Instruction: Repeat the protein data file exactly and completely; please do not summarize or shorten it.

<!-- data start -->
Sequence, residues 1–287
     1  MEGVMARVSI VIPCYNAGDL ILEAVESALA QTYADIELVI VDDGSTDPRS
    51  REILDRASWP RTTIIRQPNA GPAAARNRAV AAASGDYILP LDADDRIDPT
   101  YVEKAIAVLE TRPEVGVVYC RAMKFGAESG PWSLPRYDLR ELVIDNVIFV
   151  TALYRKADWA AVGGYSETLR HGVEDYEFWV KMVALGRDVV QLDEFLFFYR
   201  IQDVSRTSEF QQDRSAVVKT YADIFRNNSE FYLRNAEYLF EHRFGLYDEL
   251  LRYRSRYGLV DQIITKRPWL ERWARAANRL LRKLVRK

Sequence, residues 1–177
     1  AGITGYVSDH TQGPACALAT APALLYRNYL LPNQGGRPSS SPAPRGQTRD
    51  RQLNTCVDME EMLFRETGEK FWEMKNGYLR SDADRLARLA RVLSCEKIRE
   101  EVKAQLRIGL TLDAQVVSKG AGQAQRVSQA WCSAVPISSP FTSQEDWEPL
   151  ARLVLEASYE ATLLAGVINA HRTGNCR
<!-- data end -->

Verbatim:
Sequence, residues 1–287
     1  MEGVMARVSI VIPCYNAGDL ILEAVESALA QTYADIELVI VDDGSTDPRS
    51  REILDRASWP RTTIIRQPNA GPAAARNRAV AAASGDYILP LDADDRIDPT
   101  YVEKAIAVLE TRPEVGVVYC RAMKFGAESG PWSLPRYDLR ELVIDNVIFV
   151  TALYRKADWA AVGGYSETLR HGVEDYEFWV KMVALGRDVV QLDEFLFFYR
   201  IQDVSRTSEF QQDRSAVVKT YADIFRNNSE FYLRNAEYLF EHRFGLYDEL
   251  LRYRSRYGLV DQIITKRPWL ERWARAANRL LRKLVRK

Sequence, residues 1–177
     1  AGITGYVSDH TQGPACALAT APALLYRNYL LPNQGGRPSS SPAPRGQTRD
    51  RQLNTCVDME EMLFRETGEK FWEMKNGYLR SDADRLARLA RVLSCEKIRE
   101  EVKAQLRIGL TLDAQVVSKG AGQAQRVSQA WCSAVPISSP FTSQEDWEPL
   151  ARLVLEASYE ATLLAGVINA HRTGNCR